The Burning Issue: Managing Wildfire Risk

In recent years, countries such as Canada, the US, Spain, Portugal, Greece and Chile have experienced unusually severe fires, claiming hundreds of lives and causing billions of dollars in damage. Wildfires have also broken out in countries previously unaccustomed to the problem. In 2018, for example, northern European countries experienced between 20 and 200 times more area burned than normal.

This apparent surge in wildfire activity has caused growing concern about wildfire risk around the world and has led some to ask whether large and destructive megafires are becoming the new normal.

In The Burning Issue: Managing Wildfire Risk, Marsh & McLennan Insights examines the global outlook for wildfire risk in the context of climate change and urban expansions into fire-prone wildlands. The report addresses the total cost of wildfires as well as the drivers of wildfire risk and the outlook in key regions of the world. It concludes with a series of recommendations for how wildfire risk can be managed.

Urban expansion into wildlands is growing at a rapid pace and exposing more people and assets to wildfire

The total costs of wildfires are often much greater than immediately apparent

Both 2017 and 2018 witnessed record-breaking economic losses from wildfires – over $20 billion annually, driven by catastrophic fire seasons in California. However, these direct losses are likely to reflect only a fraction of the full costs, as they exclude firefighting costs and wider societal (such as deteriorating air pollution and public health) and environmental damage (such as greater greenhouse gas emissions).

Underlying drivers point to increasing risk: climate change and urban expansion

In many regions, climate change is increasing the likelihood of hot and dry conditions in which wildfires thrive. Fire seasons have already lengthened around the world, and modelling predicts significant increases in fire activity in high-risk areas such as southern Canada, western US and southern Europe.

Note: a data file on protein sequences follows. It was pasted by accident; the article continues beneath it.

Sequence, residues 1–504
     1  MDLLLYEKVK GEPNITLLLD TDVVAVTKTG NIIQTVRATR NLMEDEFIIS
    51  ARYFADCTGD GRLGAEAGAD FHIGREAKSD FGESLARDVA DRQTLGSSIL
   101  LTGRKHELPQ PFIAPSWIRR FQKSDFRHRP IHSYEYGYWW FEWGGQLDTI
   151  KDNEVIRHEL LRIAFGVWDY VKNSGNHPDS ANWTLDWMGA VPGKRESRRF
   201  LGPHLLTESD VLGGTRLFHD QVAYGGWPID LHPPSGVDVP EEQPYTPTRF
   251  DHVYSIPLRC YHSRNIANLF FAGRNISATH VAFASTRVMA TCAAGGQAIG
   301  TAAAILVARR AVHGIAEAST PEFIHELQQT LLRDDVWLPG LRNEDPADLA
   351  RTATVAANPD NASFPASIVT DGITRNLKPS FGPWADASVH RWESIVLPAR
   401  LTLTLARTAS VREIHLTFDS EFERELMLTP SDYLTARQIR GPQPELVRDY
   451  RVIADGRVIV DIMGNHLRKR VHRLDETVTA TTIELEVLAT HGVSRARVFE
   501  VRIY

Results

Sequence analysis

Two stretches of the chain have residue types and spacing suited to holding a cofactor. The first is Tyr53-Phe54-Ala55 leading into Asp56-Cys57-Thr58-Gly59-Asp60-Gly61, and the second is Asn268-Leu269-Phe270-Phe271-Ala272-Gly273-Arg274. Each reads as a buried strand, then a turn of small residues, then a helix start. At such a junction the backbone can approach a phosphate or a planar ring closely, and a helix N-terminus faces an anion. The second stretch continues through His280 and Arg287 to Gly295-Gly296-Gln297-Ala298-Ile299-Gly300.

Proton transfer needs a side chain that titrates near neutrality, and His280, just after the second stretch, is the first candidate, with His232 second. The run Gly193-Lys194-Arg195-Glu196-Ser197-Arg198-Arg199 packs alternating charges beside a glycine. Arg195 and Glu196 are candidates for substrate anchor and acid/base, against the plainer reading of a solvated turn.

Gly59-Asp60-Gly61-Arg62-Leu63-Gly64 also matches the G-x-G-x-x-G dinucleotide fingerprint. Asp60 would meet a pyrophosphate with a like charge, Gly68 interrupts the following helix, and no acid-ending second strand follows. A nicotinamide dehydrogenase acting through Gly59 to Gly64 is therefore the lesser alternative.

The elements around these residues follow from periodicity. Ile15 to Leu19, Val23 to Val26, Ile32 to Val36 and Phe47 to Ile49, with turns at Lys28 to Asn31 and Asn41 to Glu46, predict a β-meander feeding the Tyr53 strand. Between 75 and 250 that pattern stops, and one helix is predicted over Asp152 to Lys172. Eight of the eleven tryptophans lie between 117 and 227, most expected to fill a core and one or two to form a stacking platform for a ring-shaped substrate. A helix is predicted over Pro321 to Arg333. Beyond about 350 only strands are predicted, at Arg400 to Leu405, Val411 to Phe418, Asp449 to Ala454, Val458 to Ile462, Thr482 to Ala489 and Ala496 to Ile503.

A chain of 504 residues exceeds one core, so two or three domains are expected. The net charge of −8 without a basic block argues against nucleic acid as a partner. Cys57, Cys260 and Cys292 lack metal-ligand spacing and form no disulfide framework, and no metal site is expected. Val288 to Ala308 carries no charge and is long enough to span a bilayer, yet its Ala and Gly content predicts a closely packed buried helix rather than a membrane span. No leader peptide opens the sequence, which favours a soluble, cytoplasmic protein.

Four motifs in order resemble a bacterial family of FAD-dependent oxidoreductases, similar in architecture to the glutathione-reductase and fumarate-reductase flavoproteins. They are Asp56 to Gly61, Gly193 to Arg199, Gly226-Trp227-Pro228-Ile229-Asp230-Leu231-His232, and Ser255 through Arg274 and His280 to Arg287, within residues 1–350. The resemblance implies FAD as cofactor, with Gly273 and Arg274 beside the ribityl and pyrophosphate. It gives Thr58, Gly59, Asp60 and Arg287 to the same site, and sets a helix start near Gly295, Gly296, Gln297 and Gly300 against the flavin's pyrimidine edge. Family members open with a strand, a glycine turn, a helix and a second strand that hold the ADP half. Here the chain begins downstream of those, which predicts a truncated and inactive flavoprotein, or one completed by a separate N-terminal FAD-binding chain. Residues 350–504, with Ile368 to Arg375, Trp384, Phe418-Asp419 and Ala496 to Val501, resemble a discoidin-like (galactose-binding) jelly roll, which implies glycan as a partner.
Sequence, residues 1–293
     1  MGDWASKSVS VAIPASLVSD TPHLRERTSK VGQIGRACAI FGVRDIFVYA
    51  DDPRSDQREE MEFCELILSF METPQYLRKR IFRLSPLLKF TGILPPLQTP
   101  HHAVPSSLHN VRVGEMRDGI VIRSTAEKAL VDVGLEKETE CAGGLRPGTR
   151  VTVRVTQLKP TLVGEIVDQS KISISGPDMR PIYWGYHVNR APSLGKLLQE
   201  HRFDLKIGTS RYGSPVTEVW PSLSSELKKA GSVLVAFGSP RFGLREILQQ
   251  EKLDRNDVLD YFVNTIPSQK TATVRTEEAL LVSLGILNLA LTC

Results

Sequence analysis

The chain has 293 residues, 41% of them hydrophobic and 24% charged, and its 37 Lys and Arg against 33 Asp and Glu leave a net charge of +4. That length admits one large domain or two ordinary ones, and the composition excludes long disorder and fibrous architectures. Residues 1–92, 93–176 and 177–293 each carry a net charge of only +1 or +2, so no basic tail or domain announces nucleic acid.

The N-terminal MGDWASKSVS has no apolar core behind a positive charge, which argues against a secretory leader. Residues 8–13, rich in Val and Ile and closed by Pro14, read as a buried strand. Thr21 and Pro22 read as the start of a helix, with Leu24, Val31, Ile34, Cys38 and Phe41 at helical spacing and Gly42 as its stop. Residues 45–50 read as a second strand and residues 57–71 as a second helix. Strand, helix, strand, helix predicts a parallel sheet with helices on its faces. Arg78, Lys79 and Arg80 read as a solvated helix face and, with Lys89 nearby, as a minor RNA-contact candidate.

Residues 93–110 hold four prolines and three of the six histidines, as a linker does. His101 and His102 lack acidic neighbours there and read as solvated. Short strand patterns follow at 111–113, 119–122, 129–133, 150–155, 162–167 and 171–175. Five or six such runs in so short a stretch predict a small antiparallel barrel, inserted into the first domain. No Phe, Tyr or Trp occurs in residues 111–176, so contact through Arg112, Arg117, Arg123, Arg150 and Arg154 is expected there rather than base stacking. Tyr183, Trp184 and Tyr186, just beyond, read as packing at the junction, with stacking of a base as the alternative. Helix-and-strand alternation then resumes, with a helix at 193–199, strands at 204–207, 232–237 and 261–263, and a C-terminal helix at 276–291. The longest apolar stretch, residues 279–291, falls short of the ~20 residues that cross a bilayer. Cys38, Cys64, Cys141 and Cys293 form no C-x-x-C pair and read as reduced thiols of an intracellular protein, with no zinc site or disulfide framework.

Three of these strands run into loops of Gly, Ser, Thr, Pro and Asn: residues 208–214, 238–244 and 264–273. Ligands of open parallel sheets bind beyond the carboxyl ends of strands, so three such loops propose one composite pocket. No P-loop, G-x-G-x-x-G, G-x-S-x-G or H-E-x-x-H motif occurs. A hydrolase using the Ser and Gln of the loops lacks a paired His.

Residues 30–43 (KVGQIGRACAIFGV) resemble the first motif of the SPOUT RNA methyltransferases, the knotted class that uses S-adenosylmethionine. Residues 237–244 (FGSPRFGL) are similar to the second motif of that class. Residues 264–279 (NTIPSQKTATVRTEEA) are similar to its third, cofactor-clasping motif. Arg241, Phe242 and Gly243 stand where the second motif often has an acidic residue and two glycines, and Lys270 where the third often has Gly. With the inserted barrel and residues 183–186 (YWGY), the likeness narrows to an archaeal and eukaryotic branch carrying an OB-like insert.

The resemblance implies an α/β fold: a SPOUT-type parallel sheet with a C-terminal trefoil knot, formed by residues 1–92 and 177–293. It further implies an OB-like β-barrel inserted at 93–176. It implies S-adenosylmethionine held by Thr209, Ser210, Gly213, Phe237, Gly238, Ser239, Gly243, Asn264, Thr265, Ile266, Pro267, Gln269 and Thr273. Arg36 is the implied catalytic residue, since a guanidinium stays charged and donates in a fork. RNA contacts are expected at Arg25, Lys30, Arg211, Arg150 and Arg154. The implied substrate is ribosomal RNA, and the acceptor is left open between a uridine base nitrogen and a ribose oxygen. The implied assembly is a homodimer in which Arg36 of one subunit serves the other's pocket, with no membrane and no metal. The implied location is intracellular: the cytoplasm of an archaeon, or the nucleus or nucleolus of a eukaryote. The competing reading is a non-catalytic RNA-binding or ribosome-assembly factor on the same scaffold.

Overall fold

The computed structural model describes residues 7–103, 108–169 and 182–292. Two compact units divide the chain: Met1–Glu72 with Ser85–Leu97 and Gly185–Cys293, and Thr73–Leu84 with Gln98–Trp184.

Meanwhile, urban expansion into wildlands is growing at a rapid pace and exposing more people and assets to wildfire. It also introduces a new cause of ignition—people—into fire-prone areas. For instance, in densely populated Europe, nearly all wildfires are started by people.

As urban developments around the world creep further into wildlands, the number of people and value of assets exposed to wildfire will increase. This compounds risk in regions already prone to wildfires and creates new risks where wildfire activity is not yet a problem but may become one as climate change progresses.

Regional Outlook The interactive map identifies areas with a ‘Negative’ outlook as well as those under ‘Watch.’ Click on a region to learn more about its exposure, fire activity, expenditure, future outlook and more.

Regions with a ‘Negative’ outlook are characterized by high levels of current risk and well-established trends in underlying climate and exposure drivers. These regions will likely face greater wildfire risk in the coming decades. Regions under ‘Watch’ have lower levels of current risk but have climate and/or exposure trends that provide cause for concern. There may be early indications of deteriorating risk.


































Preparing for increased wildfire risk

Wildfire risk is set to increase in many regions of the world, as populations continue to expand into wildland areas and as climate change increases fire activity. Risk management will need to be tailored to the landscape, type of fuels, and the prevailing climatological characteristics. However, the experiences of countries already dealing with serious wildfires offer some valuable lessons:

  • Adopt a risk-based approach to fire management
  • Break out of the firefighting trap
  • Build resilient communities
  • Get incentives right
  • Leverage risk transfer mechanisms such as cat bonds and parametric insurance

The Burning Issue: Managing Wildfire Risk